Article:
The conclusion I drew was that I was right to take a period of time where the national conversation could be about those allegations, but also that Colbert and all these other journalists who grilled me about this were right too. I needed to literally take two years to do careful reporting to get out that story about the story. In a way it’s just as important, because we’re at this time where the press is so embattled, and there’s this authoritarian rhetoric getting weaponized against us. Trustworthy, fair reporting is the lifeblood of democracy. We need that and a certain admiration for all the reporters to do it. I hope that in telling my story and the story of the machine that got revved up to kill reporting in those years that I chronicled will be less about me, because it has to be in order to tell that story, but also a broader tribute to journalists and testaments to the importance of the freedom of the press.
Let’s get into Matt Lauer’s presence in this book. He pops up early on, almost in signals to the reader to pay attention. Thinking back on those early interactions with him, where you’d bring up the idea of investigating sexual harassment in Hollywood and he sort of jumps, in your telling, did you become conscious of that later? What was that experience like reflecting on your interactions with him?
The book makes clear that the people around me who ultimately set against the reporting were also people in other contexts I had liked and had good working relationships with. Matt Lauer was very much in that category. I hope it also conveys there that I looked up to him and hung on his every word in terms of advice on how to become the best broadcaster I could be, and was incredibly grateful for his mentorship at a time that was somewhat of a low point for me career-wise. People are complicated, and clearly he in particular proved to have a lot of complications that I was not aware of at the time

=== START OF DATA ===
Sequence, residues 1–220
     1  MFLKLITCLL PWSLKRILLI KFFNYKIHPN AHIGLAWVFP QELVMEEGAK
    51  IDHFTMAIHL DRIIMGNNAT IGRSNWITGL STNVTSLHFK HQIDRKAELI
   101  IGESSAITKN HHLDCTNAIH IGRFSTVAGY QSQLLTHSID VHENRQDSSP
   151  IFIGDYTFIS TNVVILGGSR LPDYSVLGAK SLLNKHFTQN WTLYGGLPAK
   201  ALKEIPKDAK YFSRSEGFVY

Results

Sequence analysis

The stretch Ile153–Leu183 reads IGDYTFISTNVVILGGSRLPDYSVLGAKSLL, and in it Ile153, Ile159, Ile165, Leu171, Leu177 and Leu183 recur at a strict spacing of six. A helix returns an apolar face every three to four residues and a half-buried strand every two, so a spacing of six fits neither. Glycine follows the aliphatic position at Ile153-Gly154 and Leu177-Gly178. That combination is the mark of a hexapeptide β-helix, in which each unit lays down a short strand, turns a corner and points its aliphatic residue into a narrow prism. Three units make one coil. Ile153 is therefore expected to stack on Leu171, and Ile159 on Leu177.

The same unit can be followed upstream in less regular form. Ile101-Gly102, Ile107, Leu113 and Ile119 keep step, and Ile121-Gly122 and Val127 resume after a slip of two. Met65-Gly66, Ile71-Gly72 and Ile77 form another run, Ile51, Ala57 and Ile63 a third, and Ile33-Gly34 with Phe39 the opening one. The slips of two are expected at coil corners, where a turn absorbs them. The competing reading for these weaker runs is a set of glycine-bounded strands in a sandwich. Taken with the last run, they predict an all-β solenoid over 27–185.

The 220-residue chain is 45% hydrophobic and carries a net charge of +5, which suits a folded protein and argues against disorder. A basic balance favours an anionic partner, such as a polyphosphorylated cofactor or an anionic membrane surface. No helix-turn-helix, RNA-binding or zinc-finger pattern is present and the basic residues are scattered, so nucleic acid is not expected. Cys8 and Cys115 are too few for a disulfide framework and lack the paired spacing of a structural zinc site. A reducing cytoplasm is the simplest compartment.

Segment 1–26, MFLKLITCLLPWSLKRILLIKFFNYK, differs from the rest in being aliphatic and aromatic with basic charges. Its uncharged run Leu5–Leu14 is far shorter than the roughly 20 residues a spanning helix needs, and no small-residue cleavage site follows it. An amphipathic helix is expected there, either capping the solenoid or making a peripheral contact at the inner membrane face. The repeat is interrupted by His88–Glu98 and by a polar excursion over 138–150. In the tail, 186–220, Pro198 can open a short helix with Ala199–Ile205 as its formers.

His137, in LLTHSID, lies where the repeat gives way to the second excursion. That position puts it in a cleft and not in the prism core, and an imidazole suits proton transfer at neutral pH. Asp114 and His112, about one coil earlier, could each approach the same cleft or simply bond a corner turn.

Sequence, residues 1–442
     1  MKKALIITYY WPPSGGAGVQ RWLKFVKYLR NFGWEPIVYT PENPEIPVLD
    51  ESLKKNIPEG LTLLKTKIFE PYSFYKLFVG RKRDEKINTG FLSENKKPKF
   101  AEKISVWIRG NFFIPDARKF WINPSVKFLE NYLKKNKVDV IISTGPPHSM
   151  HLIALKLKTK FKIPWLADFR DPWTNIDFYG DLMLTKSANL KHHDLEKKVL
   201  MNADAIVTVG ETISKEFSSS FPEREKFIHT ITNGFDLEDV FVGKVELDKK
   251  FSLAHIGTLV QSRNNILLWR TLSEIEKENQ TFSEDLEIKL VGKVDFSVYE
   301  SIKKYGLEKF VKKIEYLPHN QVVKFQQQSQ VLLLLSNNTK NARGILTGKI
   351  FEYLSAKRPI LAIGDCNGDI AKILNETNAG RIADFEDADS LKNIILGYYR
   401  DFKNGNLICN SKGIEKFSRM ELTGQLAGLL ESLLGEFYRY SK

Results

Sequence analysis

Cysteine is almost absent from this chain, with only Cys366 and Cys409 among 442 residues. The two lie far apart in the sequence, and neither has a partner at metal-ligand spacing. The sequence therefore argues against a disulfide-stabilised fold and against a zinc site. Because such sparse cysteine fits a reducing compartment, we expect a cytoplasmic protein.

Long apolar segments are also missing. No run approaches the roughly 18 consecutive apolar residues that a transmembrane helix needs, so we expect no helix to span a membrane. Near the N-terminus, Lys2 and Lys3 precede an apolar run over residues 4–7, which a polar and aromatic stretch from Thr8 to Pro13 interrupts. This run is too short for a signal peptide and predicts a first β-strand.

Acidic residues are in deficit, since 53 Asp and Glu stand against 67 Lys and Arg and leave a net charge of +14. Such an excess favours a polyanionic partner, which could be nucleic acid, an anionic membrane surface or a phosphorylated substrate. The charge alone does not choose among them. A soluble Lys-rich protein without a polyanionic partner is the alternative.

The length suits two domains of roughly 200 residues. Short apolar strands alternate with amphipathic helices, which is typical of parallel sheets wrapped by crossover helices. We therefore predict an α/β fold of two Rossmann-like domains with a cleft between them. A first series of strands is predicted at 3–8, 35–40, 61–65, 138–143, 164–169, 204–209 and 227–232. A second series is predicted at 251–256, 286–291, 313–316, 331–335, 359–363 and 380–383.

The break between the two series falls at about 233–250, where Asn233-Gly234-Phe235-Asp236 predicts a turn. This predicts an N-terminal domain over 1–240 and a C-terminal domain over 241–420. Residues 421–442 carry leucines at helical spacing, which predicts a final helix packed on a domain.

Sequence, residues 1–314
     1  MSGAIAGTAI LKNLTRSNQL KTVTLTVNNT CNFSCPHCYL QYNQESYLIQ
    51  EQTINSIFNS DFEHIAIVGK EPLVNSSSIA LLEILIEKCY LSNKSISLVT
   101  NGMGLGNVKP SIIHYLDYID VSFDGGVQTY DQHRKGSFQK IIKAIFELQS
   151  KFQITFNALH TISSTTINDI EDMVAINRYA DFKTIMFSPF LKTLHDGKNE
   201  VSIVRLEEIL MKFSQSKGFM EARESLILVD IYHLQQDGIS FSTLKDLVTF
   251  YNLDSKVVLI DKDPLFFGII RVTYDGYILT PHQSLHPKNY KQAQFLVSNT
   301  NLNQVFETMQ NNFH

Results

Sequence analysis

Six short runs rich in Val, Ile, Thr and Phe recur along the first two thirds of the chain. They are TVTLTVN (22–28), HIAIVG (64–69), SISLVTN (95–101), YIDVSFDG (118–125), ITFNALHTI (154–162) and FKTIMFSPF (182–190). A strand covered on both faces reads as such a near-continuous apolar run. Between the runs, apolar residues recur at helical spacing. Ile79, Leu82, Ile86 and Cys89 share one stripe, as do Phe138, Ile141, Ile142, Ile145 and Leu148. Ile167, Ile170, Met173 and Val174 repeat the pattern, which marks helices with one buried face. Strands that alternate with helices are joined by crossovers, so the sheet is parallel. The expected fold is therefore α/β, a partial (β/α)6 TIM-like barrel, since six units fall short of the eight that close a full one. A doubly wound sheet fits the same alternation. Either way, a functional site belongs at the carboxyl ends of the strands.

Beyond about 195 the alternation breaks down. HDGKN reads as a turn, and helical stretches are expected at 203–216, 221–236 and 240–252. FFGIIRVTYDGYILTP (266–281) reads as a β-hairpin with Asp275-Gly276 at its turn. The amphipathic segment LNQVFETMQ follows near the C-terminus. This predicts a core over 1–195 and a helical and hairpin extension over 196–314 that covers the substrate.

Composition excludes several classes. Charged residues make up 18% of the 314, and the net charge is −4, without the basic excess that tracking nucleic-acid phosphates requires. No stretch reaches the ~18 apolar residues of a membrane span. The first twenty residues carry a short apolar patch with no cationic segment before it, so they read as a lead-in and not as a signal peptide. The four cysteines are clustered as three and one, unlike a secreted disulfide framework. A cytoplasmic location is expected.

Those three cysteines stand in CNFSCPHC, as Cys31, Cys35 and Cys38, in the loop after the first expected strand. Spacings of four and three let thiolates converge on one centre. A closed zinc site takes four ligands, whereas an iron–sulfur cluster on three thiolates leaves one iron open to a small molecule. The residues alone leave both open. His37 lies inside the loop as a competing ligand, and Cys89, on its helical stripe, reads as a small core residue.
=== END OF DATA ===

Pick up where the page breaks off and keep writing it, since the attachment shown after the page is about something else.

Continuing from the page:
Brooke Nevils tells you her story, that Matt Lauer allegedly sexually assaulted her, and I believe you granted it the most space and detail of any of the women’s stories in this book. (Lauer strongly denies the allegation, while NBC denies it tried to cover up Nevils’ allegation.) It’s the finale of Catch and Kill in a lot of ways. Can you talk about that decision, structurally? I know the book is mostly chronological, but it felt like an important place in the book and narrative.
Brooke Nevils was incredibly brave in doing what she did. I think anyone who walks back into a company and says, “Hey, here’s this bad thing that happened,” even knowing as she really did at the time, that it would upend her rights, it’s someone that we should rise up and strive to protect. And like any sources in my stories, I regarded all her claims with maximum skepticism. I grilled her, we looked at all of the supporting documents and witnesses and really made sure this stuff was true, and as you saw reading it, we also go to pains to be as fair as we possibly could be with the limitations we had in terms of ground rules with parties involved. In terms of making sure Matt Lauer’s thinking is reflected and all of the arguments that could possibly be invoked in his defense are in there.